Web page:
What's the difference between a trustee and a personal representative?
If you have a trust, then this is a common question that you may have. You've created a long document with all the provisions for your trust, but you also usually have a will that has a separate role for someone named a "personal representative."
If you have a standalone trust, or if you have a testamentary trust built into your will, the trustee is more of an ongoing job. Their job is going to be managing the trust for the beneficiaries and making decisions for how things should be distributed and when to wrap up the trust.
A personal representative, however, sometimes called an "executor," is somebody who's appointed under your will. Their job is, after you are deceased, to take your will and your death certificate to the local probate court. They file it with the clerk and let them know that you're deceased and they are appointed as the personal representative. Their job then is to do what the will says distribute the assets. If you have a trust, their job is often to then take whatever assets are left that are not in your trust and move them over to your trust.
Can It Be The Same Person?
The common question I get is, can this be the same person? Can my brother be both my trustee and a personal representative? And the simple answer is yes they can. But this is where a professional is important, to make sure that you've got the right provisions in your will and your trust so that there's no issue with somebody serving in both roles.
Who Should Be The Trustee or Personal Representative?
Now a common question I get is, who should I choose to be the trustee? Whether we're dealing with a testamentary trust (one that's going to be set up in your will normally for underage children), or whether we have a standalone trust (a revocable or irrevocable trust), who you should choose is a very personal decision, and it's important you don't take it lightly. The most common people you'll consider are
- Family members
- Corporate trustee or a professional
Now if you're going to go the third route with a corporate trustee or a professional, you should be aware that they normally will charge fees. So all of that money that you're leaving behind, there's going to be a portion of it coming out to the trustee to manage your assets.
Characteristics of a Good Trustee or Personal Representative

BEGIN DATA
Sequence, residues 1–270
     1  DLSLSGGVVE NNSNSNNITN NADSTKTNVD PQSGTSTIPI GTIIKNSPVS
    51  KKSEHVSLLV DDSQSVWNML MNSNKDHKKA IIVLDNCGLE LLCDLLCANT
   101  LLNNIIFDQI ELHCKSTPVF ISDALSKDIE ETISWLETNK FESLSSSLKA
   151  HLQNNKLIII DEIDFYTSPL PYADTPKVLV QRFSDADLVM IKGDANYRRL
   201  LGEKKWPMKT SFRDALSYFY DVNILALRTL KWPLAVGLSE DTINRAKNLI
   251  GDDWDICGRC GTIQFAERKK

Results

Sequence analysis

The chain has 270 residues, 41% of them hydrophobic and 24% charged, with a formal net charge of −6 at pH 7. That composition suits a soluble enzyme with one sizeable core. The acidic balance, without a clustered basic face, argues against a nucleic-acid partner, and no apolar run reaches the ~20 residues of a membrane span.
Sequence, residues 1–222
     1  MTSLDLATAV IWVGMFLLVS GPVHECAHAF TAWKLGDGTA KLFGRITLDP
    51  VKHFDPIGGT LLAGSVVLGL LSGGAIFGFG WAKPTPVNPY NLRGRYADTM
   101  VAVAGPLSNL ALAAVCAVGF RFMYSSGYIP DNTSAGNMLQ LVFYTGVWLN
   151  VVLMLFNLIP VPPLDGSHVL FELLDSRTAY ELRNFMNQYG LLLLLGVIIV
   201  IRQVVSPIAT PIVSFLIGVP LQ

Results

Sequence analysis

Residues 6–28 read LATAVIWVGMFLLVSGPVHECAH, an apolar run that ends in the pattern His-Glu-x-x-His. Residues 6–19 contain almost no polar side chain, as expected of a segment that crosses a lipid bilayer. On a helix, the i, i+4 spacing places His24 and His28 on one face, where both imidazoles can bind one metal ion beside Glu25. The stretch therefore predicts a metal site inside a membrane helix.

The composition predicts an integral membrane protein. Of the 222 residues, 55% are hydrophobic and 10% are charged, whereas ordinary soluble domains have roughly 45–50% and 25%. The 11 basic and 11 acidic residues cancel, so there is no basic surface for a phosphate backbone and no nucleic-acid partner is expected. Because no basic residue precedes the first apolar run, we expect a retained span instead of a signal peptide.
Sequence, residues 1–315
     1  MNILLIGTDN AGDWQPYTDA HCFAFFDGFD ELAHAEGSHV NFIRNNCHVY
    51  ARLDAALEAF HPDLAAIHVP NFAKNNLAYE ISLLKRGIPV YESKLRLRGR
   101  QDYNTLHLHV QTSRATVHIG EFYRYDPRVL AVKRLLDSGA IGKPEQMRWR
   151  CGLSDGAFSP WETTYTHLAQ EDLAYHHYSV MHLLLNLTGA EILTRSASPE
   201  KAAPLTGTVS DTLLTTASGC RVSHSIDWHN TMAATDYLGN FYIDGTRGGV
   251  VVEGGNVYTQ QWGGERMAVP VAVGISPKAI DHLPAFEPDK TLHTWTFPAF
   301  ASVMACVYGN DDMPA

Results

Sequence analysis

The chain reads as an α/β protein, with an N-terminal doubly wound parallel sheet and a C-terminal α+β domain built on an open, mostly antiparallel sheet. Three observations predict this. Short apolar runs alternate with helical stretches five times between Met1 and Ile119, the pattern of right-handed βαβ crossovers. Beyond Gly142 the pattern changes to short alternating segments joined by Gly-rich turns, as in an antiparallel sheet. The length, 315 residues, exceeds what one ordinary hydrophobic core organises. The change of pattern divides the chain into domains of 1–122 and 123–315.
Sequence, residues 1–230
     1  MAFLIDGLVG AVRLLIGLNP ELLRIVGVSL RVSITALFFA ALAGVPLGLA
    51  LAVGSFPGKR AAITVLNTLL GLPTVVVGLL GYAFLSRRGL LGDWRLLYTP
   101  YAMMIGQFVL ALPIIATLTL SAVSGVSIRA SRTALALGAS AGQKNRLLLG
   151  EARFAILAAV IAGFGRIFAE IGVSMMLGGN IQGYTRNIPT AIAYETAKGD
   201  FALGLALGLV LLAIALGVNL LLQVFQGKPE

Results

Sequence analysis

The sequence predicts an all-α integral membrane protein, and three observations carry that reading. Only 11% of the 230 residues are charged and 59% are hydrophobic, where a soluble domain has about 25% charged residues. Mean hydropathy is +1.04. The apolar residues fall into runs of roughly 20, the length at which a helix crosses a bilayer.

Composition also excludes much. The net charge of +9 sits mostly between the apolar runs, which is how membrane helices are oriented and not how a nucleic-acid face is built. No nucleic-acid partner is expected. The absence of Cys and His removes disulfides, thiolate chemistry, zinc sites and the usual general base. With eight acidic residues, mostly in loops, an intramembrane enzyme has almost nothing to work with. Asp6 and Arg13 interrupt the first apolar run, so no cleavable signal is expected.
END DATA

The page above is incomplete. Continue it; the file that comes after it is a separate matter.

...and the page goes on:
Some characteristics you want to look for in a trustee or a personal representative:
- Is the person responsible? (There's going to be a lot of paperwork. A personal representative is going to be working with the probate court to make sure all the correct documents are filed. Your trustee has that ongoing responsibility to manage the trust to do distributions to wrap up the trust when it's time to shut it down. So there's a lot of different things that they need to be responsible for.)
- They know your kids and your grandkids (They're being asked to distribute certain assets to your children and you want to make sure they understand your children and their unique needs and when it may be a good idea to distribute things to them and when it may not be.)
If you're dealing with trustees, chances are you've worked with a professional. To set up a trust on your own is a very complicated process. Instead of trying to DIY the process, start off by talking to your financial advisor. See whether a trust or simple will makes the most sense for you. Once you've got that in place, go talk to an attorney and tell them what the person what your financial advisor suggested for you and they can work with you to put together the right documents. Now if you're new to estate planning or it's time to do an update to your estate plan, let's set up a Legal Strategy Session to discuss what the best options are for you. You may have more questions beyond just the difference between a trustee and a personal representative. So we can go through your questions on that call to make sure you can put together a well crafted estate plan.